Although respecting ancient tradition I made a list of best books, the fact is that I only read books incidentally. I actually read words and lines and so on, arranged in ways that suggest scenes or characters or ideas. I wish I were better at remembering lines and words. What I remember are scenes.
Here are some good ones from books I read this year. From books not mentioned yesterday, to add an arbitrary rule.
1. Émile Zola worked in a way I understand: write big scenes and minimally fill in the connective matter. Chapter 3 of L’Assommoir (1877) is one long working class wedding scene. The guests gather at a bar, because of the rain they mill around, drinking, finally they wander off to the wedding dinner, where they spend many pages eating, and drinking, and eating some more. In the middle of the chapter the guests spend four pages lost in the Louvre, baffled by the art, or laughing at it. Not a kind scene – not a kind novel – but a good one. “’Will you look at this!’ Boche kept saying.” Exactly.
2. Another party, Midsummer’s Eve, from Chapter 18 of Martin Andersen Nexø’s Pelle the Conqueror (1906). Pure joy in a grim novel. “It had been an incomparable day for Lasse and for Pelle – making up for many years of neglect. Too bad that it was over instead of just beginning.”
3. Mary Delany for the first time looks at a flower and realizes that she could make an image of it out of colored paper. She is 72. In the next decade, she follows that one with 984 more flower portraits. Molly Peacock, describing the scene in The Paper Garden (2010), can place Delany’s tools around her – ink, glue, scissors, paper – and can describe the flower, but not the mystery of inspiration.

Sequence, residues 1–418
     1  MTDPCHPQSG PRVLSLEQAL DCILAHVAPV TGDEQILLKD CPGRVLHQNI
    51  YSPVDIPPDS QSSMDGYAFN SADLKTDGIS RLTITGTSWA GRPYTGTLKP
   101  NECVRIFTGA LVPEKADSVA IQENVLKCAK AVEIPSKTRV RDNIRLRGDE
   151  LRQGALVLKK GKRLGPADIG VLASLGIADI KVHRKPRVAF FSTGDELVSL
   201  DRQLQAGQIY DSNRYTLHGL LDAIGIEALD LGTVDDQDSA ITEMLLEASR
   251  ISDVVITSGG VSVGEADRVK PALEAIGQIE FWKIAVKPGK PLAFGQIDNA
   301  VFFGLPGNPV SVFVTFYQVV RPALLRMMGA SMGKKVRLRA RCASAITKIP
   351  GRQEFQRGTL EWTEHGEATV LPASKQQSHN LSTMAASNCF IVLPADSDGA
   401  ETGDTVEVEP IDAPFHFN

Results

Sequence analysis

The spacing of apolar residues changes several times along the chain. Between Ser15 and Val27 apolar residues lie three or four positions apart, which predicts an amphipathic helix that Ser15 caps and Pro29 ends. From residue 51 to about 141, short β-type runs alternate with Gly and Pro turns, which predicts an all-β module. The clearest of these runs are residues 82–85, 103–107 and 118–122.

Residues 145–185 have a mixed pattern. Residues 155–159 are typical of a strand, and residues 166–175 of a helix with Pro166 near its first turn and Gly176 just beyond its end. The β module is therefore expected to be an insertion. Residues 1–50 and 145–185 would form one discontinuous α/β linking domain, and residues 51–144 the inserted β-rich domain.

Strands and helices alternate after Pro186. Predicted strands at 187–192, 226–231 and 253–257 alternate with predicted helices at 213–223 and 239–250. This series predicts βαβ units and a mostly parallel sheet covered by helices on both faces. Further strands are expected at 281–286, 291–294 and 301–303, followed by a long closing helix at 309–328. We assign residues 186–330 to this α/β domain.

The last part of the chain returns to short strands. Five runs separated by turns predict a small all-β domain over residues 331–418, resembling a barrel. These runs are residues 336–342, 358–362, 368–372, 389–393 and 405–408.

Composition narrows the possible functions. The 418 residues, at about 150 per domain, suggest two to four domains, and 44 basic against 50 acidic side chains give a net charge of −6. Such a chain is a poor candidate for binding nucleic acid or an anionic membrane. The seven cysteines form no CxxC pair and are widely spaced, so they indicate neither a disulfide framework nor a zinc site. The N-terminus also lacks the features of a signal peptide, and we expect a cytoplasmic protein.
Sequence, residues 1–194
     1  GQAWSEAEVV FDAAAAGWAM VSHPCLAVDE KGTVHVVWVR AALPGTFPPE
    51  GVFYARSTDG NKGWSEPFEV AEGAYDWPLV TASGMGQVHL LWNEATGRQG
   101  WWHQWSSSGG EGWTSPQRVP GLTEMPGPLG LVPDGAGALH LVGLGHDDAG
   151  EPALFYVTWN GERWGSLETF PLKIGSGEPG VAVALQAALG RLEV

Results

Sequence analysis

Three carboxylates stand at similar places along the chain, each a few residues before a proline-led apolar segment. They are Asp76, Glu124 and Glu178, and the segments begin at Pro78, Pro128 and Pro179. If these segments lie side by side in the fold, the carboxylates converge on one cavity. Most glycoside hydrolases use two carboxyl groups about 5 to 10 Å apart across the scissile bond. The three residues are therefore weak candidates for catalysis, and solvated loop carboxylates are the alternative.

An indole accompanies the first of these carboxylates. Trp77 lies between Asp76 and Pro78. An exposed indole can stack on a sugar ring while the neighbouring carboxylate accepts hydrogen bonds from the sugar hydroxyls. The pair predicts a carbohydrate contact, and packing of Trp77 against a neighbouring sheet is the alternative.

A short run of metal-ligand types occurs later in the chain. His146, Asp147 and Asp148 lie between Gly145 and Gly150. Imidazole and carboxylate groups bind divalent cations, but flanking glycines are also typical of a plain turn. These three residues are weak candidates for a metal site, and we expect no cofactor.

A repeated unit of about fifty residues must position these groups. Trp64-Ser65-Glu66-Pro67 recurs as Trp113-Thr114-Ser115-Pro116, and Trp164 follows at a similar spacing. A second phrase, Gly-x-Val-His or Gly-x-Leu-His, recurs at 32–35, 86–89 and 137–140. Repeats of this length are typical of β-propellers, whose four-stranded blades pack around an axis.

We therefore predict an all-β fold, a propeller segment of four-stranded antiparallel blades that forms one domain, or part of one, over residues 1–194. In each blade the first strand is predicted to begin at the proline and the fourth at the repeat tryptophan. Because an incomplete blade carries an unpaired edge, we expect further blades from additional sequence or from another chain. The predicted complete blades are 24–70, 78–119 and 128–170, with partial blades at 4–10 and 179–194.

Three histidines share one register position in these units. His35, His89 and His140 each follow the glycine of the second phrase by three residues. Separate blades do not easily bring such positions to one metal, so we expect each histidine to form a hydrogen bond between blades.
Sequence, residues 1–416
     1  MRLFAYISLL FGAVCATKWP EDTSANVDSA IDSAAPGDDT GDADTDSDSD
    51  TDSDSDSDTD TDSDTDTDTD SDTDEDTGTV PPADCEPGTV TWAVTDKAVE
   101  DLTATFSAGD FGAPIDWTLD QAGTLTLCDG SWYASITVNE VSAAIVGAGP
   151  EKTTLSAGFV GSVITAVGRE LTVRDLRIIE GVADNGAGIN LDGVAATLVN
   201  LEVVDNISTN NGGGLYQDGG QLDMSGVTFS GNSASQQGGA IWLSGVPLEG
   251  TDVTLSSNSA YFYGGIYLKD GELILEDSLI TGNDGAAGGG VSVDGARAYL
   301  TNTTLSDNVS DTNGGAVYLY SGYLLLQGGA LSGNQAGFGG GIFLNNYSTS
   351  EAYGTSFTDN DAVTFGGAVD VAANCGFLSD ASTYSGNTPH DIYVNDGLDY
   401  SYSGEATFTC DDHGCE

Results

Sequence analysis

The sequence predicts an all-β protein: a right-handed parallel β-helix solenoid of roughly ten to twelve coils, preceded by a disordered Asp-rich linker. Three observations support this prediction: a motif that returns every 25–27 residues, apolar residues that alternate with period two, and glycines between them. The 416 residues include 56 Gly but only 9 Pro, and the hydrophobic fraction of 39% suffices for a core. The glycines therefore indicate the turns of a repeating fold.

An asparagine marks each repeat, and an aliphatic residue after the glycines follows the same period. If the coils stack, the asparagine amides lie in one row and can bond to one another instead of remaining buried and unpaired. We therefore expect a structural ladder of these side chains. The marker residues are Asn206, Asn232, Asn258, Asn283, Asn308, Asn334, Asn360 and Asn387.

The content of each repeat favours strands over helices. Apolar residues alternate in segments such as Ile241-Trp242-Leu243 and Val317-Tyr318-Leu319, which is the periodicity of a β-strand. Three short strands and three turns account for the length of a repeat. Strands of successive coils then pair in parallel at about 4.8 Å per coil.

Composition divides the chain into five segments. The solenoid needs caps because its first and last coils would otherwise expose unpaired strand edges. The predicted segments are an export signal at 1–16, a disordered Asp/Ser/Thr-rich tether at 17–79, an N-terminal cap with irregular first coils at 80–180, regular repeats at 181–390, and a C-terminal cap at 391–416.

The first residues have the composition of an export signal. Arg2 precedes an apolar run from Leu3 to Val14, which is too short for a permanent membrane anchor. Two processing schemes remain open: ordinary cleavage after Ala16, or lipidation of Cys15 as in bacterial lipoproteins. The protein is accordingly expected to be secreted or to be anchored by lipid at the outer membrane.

When the Duchess came in to check on her friend, shocked that she had taken apart her new scarlet geranium, then delighted that what Mary had composed were the petals in paper replication, the first of the great work had begun.
“I have invented a new way of imitating flowers.”
Right then Mary Delany’s friend of more that forty years supplied exactly what was necessary: applause. (p. 309)
4. Goethe’s Roman girlfriend, a waitress, “accidentally” spills wine on the table. From Roman Elegies (1795).
5. Moomintroll glimpses the spirit of winter, the Lady of the Cold, one of the strangest of many strange scenes in Trollvinter by Tove Jansson (1957). A horse made of snow comes to life. One of Jansson’s rare gifts was a mythic imagination.
6. Not all memorable scenes are even scenes. A paragraph in Johann Peter Hebel’s “Unexpected Reunion” that shows the passage of time by listing historical events has an uncanny, sublime effect that is hard to describe.
7. Similarly: the part where Sebald visits Rousseau’s Swiss house. Or where Eduard Mörike can’t stop writing, or where Gottfried Keller can’t stop writing, or where Robert Walser can’t stop writing. This is all from W. G. Sebald’s A Place in the Country (1998). The chapter on Walser ends with the writer floating away in a balloon (pp. 162-4). Literary criticism conducted by means of scenes.
I could keep going. I guess that is what I mostly do here. But now it’s vacation time. I’ll return in January to goof around with Italian literature.
Have a good holiday!